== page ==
When we drove South-East from Etosha to the Waterberg Plateau, the fauna changed markedly. The area around the “water mountain” receives much more precipitation and thus can support larger trees than most of the rest of the country. Waterberg is a holy mountain for some of the Namibian tribes, so we did literally follow historic tracks. A bit further on the way to Windhoek, we even went back much further in time to the dinosaur era!
NWR Waterberg Resort
Apparently this is a good climate for warthogs. We spotted so many of them on the roadside that we eventually stopped counting. Some of them even inhabited our campground. 🙂
Other guests at NWR Waterberg Resort Campsite were a hen with her chicks, colorful birds, and the usual baboons. The cleanliness of the campsite, and especially of the surrounding bushes definitely leaves some room for improvement, but the beautiful panorama of the Waterberg made up for it.
Waterberg is a good resort for hiking. You can climb up all the way to the plateau; under the careful watch of the baboons that inhabit the cliffs. If you book a guide beforehand, you can even continue into a usually restricted area and watch out for rhinos.
After finishing the Waterberg hike, we directly continued with the “Ant Hill Hike” and the “Aloe Vera Slope”. Both of them provide what they promise: Large termite hills and Aloe plants that are more than hundred years old. We had always thought that Aloe is a small plant, so we were amazed that they can actually grow into a 2-3m high, tree-like structure!
Neither hike takes a lot of time. The view from the plateau and the Aloe plant were truly memorable, so we’d definitely recommend to do these hikes!
Otjiwa Safari Lodge
Our second stop in the Waterberg area was the campsite of Otjiwa Safari Lodge, which claims to be “Namibia’s oldest game farm”. It features a large lake, two waterholes – one near the campsite, one directly next to the large pool – and other amenities such as fast and reliable wi-fi. We’re personally not a fan of large game hunting – other than for food or lifestock control – but still we really enjoyed our last night of camping.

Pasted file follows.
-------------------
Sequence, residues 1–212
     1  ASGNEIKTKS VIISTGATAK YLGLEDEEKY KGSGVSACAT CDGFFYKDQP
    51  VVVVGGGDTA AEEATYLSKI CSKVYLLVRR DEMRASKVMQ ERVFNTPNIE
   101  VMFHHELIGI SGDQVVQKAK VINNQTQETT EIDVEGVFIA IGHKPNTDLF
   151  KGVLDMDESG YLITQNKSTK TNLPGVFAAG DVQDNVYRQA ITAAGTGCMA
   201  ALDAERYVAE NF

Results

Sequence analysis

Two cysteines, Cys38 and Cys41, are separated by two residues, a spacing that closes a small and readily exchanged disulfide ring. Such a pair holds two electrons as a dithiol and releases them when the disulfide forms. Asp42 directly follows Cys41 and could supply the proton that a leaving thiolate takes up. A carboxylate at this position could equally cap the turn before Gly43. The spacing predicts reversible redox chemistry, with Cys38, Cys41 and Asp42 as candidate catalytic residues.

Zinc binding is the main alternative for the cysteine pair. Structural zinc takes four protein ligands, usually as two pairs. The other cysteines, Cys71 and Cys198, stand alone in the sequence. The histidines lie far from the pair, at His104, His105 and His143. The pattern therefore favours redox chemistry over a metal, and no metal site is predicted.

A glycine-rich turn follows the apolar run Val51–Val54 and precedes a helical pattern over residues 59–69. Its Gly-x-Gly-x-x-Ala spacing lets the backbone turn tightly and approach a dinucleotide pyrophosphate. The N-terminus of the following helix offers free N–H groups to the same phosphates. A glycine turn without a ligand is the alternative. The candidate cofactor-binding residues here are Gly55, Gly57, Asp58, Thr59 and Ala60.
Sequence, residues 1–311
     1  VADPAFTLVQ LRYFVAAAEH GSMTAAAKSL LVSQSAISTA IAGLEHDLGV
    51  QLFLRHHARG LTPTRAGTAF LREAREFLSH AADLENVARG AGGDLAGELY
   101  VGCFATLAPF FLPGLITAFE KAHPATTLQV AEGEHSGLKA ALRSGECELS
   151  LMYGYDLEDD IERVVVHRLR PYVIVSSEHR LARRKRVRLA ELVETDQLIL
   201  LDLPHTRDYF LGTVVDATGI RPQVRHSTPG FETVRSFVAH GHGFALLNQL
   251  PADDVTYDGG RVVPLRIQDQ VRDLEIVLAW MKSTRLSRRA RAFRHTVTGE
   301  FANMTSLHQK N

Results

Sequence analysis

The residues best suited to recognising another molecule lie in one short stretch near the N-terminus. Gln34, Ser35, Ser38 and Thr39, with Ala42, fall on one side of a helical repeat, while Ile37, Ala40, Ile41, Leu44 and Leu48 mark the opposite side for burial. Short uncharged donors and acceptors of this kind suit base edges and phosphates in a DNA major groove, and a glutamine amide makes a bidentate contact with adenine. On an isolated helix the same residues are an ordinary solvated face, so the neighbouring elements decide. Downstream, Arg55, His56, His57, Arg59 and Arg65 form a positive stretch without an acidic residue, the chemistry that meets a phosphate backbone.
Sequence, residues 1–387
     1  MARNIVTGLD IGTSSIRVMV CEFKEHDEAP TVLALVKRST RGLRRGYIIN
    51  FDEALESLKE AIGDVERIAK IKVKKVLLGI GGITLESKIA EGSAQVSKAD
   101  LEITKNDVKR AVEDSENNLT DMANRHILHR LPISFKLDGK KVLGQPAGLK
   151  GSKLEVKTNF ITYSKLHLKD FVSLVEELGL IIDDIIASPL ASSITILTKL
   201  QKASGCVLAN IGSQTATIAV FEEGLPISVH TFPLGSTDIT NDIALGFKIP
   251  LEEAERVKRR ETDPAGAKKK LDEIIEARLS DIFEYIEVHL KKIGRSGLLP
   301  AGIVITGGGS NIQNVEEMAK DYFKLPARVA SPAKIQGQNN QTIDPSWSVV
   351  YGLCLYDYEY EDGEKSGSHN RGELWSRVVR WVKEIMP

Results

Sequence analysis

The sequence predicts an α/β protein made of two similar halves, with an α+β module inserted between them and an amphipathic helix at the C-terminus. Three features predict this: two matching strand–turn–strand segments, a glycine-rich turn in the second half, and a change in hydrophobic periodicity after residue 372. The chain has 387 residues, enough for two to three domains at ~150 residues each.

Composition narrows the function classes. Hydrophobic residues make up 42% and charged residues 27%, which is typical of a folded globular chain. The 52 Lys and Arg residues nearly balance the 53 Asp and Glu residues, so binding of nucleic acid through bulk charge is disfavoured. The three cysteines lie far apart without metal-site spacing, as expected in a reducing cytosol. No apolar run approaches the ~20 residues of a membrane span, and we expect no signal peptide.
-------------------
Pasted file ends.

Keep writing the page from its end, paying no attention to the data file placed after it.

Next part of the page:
After a beautiful sunset and a relaxed last night in our 4×4, we gave our remaining food to our campsite neighbors. Seems that we indeed were lucky not to have a flat tyre during our entire trip – they told us that they had two already, and were happy that we could help with a hydraulic tyre pump… We took a last snapshot of a colorful bird that occurs frequently near Waterberg and hit the road again.
On the Dinosaur Tracks
We had more than enough time to drive to Windhoek, so we luckily decided to do some detours. If you don’t follow the main road, it turns out that many of the other roads pass through private game reserves. In other words – more chances to see cool animals! We spotted giraffes, baboons, lots of antelopes… and some of the tracks at the game reserves even had names like “hippo drive” or “crocodile detour”; so with a bit more planning we possibly could have crossed these animals off our bucket list as well.
Our real destination were the petrified dinosaur tracks near Kalkfeld, though. If you’re fascinated by archaeology, you should do this detour. Svenja was a bit less impressed than me, but didn’t mind either. There are three sets of dinosaur tracks at the site, two smaller tracks and a very large one. None of them are easy to spot at first, so the search makes it feel a bit more “Indiana Jones”-like.
OUR TRAVEL ROUTE FOR THE ENTIRE TRIP
If you want to learn what else we experienced in Namibia, check out our travel route for the entire trip – including reviews of the most exciting places!
- Last Stop: Etosha
- Next Stop: Windhoek
- Overview: Our entire route